At first, I was intimidated by the fact that my book could be used to deliver someone a fatal blow. How could I possibly enjoy 1500 pages of 18th century letter-writing? It turns out that this book is as much a study of human nature as it is a story: the best way to describe it is by using Samuel Johnson’s comment that Clarissa is “the first book in the world for the knowledge it displays of the human heart.” Reading it is fascinating, because you find so much of yourself and everyone you know in these aristocratic 18th century British characters. The book is timeless, as long as humans are reading it.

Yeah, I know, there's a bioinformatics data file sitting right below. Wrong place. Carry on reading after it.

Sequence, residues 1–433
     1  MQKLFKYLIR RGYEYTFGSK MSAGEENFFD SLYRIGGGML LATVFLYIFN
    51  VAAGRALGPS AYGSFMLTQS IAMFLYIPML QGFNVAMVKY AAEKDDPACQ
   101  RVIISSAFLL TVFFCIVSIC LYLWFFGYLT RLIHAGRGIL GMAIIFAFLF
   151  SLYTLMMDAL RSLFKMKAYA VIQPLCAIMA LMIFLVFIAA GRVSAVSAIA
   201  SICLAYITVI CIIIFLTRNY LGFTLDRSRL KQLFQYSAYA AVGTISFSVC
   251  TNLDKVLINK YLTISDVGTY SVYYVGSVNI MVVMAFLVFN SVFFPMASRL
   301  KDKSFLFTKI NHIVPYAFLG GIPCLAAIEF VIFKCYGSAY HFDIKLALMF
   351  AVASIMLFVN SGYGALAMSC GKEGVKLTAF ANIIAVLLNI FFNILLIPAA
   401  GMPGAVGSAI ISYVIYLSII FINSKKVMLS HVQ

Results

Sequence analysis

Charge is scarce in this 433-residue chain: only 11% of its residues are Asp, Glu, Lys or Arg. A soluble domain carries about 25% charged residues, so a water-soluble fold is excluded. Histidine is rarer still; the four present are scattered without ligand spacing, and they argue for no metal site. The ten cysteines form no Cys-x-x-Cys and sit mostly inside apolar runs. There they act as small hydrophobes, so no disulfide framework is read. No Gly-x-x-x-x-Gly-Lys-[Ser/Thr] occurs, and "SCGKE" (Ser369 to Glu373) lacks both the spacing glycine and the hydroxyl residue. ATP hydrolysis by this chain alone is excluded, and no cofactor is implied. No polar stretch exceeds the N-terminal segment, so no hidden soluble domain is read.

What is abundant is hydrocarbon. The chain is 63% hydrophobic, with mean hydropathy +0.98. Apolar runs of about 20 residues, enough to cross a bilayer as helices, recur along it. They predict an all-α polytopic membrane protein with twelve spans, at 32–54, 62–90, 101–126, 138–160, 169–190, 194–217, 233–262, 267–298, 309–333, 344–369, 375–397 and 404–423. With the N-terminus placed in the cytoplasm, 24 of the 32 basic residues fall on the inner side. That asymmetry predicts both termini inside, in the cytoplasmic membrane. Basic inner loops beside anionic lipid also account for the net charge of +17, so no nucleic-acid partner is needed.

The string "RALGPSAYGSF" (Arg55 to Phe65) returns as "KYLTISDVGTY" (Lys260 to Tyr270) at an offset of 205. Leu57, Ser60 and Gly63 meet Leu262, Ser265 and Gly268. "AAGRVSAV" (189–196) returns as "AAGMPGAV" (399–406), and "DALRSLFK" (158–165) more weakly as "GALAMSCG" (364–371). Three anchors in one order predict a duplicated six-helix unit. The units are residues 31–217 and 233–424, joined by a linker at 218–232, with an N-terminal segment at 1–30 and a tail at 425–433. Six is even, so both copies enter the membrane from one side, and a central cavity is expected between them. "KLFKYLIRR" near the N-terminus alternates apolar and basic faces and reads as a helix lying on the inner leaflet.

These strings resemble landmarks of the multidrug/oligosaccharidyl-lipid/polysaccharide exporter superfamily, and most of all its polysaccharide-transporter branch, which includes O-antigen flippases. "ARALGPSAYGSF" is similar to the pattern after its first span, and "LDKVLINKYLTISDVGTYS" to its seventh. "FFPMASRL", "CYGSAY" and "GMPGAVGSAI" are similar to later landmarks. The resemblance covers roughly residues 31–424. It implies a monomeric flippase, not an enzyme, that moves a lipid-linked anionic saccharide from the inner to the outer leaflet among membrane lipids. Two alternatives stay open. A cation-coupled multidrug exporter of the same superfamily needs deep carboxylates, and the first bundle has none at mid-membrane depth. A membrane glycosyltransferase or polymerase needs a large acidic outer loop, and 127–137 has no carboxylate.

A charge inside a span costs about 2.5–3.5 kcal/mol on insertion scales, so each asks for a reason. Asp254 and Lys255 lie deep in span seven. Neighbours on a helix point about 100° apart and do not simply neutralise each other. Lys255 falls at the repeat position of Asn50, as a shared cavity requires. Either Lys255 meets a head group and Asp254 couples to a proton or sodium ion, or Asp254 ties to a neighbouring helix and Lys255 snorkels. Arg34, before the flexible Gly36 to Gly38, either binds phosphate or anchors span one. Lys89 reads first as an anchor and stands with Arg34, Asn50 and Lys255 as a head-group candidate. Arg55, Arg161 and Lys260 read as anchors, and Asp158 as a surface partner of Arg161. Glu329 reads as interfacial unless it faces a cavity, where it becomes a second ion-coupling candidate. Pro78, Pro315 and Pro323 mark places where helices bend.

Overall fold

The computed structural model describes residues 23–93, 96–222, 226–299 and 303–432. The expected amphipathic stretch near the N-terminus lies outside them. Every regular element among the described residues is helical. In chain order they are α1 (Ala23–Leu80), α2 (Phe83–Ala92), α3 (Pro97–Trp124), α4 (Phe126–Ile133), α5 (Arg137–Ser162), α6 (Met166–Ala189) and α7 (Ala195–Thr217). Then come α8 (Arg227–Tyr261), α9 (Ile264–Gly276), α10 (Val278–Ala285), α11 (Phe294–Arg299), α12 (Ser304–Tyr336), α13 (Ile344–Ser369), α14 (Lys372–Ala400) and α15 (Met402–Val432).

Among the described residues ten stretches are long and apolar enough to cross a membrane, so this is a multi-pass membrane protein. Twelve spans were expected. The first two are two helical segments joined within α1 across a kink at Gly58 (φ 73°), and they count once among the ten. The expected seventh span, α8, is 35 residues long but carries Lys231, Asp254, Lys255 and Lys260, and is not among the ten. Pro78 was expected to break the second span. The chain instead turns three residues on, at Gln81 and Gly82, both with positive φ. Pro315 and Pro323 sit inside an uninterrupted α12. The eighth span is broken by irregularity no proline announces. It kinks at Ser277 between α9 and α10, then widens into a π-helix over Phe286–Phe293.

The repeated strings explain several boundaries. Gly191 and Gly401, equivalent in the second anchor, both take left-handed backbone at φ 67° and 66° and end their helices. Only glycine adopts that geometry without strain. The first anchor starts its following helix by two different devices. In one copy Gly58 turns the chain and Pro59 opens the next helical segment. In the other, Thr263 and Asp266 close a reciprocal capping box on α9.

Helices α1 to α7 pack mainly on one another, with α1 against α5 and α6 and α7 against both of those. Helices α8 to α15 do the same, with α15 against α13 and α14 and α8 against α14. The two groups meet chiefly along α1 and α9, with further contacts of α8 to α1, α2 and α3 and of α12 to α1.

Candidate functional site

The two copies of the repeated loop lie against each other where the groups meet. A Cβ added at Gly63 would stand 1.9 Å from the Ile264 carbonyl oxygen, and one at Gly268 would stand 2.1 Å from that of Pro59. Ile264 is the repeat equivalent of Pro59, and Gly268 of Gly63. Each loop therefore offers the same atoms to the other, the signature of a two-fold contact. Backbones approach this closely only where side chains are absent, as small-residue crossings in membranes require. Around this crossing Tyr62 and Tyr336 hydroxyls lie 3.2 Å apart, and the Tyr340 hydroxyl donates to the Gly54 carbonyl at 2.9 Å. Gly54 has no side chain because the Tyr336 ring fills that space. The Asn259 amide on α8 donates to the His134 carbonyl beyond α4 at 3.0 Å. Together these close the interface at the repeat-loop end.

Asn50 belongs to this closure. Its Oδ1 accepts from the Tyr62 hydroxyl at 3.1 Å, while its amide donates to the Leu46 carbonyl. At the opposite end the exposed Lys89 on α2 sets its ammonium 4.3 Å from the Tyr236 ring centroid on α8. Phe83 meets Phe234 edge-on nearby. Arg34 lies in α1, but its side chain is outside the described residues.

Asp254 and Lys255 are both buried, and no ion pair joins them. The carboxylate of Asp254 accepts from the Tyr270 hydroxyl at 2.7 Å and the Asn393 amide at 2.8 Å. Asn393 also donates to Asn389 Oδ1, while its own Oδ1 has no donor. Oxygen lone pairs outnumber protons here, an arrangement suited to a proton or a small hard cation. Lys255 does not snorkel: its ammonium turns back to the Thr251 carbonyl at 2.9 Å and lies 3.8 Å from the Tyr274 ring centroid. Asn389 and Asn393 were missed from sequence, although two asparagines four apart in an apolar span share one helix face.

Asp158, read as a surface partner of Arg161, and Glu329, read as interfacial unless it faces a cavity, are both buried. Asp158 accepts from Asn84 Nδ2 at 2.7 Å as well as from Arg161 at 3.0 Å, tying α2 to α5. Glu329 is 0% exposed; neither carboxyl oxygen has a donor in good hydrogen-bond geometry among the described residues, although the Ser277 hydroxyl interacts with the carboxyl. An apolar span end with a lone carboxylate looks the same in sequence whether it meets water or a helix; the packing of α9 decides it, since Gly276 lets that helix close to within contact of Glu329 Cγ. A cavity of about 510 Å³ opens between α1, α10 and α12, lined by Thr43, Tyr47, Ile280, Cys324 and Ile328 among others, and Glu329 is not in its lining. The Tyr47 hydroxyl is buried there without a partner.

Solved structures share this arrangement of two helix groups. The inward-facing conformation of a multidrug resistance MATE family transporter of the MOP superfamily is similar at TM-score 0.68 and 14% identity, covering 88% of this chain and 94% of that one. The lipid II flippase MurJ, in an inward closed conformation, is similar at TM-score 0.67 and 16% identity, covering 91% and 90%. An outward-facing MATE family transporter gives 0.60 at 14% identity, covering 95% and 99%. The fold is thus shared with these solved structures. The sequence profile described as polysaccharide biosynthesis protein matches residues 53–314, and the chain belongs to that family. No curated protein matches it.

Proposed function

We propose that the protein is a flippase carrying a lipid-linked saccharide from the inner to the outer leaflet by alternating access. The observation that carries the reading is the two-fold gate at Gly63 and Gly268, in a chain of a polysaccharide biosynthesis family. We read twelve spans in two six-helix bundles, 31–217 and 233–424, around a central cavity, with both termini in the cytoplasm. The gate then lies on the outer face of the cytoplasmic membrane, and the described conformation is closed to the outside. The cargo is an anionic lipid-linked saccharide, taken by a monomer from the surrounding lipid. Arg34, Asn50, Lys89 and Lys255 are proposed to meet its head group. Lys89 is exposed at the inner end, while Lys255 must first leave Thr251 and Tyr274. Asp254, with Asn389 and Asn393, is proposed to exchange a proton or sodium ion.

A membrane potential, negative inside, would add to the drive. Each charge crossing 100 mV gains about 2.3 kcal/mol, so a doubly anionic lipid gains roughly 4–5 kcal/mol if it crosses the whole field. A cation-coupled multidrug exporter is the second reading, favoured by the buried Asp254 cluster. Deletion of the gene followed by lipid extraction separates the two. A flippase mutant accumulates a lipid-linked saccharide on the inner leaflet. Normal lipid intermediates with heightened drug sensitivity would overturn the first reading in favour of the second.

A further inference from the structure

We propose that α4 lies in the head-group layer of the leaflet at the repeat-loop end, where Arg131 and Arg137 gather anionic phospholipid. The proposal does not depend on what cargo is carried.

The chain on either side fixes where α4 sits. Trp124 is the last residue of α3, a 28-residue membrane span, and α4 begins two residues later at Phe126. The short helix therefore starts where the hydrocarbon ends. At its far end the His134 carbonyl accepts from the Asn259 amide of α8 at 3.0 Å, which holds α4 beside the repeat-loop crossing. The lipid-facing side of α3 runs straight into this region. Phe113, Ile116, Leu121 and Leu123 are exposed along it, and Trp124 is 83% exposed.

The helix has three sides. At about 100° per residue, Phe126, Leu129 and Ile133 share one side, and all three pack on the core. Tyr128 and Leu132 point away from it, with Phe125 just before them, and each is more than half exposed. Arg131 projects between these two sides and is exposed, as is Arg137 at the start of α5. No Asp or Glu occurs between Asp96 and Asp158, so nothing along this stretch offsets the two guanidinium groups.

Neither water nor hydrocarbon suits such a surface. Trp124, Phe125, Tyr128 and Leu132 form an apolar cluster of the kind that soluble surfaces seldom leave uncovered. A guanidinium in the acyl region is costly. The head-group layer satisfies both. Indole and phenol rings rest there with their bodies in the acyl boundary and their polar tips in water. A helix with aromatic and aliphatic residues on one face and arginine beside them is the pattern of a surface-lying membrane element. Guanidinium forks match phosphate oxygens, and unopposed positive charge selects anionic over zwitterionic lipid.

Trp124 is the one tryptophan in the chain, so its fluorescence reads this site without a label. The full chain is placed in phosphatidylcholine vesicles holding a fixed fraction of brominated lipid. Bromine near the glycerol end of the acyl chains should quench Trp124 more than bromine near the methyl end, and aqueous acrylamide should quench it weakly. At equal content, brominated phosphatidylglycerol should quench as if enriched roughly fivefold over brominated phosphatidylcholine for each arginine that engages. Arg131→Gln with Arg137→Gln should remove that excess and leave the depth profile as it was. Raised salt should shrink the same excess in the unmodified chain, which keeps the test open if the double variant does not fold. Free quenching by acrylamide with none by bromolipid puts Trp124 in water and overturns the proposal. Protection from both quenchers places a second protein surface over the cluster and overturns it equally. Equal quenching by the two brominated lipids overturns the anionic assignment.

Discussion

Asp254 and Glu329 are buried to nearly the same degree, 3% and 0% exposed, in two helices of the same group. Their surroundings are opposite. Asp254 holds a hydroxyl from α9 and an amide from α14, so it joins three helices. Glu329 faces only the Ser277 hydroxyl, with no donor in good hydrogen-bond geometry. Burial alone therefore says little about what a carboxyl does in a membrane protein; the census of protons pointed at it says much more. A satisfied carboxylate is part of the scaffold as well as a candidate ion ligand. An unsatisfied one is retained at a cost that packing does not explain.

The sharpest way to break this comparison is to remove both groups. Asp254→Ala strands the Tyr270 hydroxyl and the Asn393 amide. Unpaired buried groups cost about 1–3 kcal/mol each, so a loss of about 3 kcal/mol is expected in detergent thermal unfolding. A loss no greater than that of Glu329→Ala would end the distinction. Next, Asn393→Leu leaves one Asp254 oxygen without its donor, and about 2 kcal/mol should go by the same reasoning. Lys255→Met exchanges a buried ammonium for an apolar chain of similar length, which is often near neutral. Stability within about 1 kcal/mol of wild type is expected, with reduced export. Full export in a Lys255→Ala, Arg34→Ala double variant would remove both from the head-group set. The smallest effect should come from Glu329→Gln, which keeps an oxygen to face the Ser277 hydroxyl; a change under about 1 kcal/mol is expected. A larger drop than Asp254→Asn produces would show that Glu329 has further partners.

This seminar is what I look forward to every Tuesday and Thursday. It involves a different kind of thinking from my other class: thinking about people, about morals, about gender roles, about relationships between parents and children and men and women. It involves stepping back in time and experiencing a world that is completely different, yet made up of human beings that are no different from us.
So, that’s my schedule. Feel free to ask any questions about my classes, since I know that the sonnet form may have been unclear! I also highly recommend trying your hand at sonnet/limerick composition; Person who posts the best one gets either a) a prize sent to him/her or b) a poem written about him/her. Promise.
Final note: this came in the mail today, and I thought I’d share, since it’s pretty :)